U.S. News

Project an Outlet for Those With AIDS

September 8, 2003

This article is part of The Body PRO's archive. Because it contains information that may no longer be accurate, this article should only be considered a historical document.

The U.S. AIDS population is aging, and a gap in care that meets older HIV-positive adults' needs often means those over 50 are going without valuable support and coping skills. But Project Empower, a study conducted by Ohio University health psychologist Timothy Heckman and colleagues, is evaluating whether telephone support groups can help older adults cope with their illness.

AIDS support groups in Ohio, Arizona, New York and Pennsylvania recruited about 70 participants for the study, which was funded by a two-year $435,000 grant from the National Institute on Aging. The study was designed to evaluate group therapy and its effect on older adults who have AIDS and depression. In the study, small groups met with a social worker for 12 conference calls, each lasting about one hour.

"The older adults who went through the intervention said they felt they could cope better," said Heckman. They also reported feeling less stress, and some said they looked forward to the therapy, he added. Heckman presented his findings Saturday at the National Association on HIV Over Fifty conference in Scottsdale, Ariz.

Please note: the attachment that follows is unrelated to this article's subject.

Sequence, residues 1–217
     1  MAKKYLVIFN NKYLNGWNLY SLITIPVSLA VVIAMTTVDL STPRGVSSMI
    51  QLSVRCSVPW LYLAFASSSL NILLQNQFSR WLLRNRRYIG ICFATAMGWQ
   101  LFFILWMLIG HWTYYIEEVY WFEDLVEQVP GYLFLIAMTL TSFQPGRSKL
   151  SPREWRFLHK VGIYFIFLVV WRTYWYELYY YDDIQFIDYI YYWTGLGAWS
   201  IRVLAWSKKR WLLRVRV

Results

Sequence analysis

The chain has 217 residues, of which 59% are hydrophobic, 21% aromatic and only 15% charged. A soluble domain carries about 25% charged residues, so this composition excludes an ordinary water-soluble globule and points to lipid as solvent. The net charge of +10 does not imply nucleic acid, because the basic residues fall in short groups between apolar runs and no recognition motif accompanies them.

Older adults face the challenge of coping with HIV/AIDS alongside mental, physical and social changes that accompany aging, explained Heckman. And many support groups are geared toward younger people. "I think as the newer medications have evolved, we're seeing people live longer periods of time. It's a population that's growing," said Heckman.

The phone therapy program tends to appeal to those living in remote areas, those wishing to remain anonymous, and those unable to drive to counseling. Topics including stress management, coping, aging and support are discussed, leaving room for people to address specific needs, said Lori Brown, a social worker and group moderator. "People tell us that it is effective for them," said Brown. "They aren't even able to talk about their issues sometimes with their own family."

Meanwhile, Heckman hopes those in the study will continue to use the skills they learned. "We're still following our participants to see if these changes are maintained," he noted.

Back to other news for September 8, 2003

Adapted from:
Columbus Dispatch
09.07.03; Dana Wilson

This article was provided by CDC National Prevention Information Network. It is a part of the publication CDC HIV/Hepatitis/STD/TB Prevention News Update.


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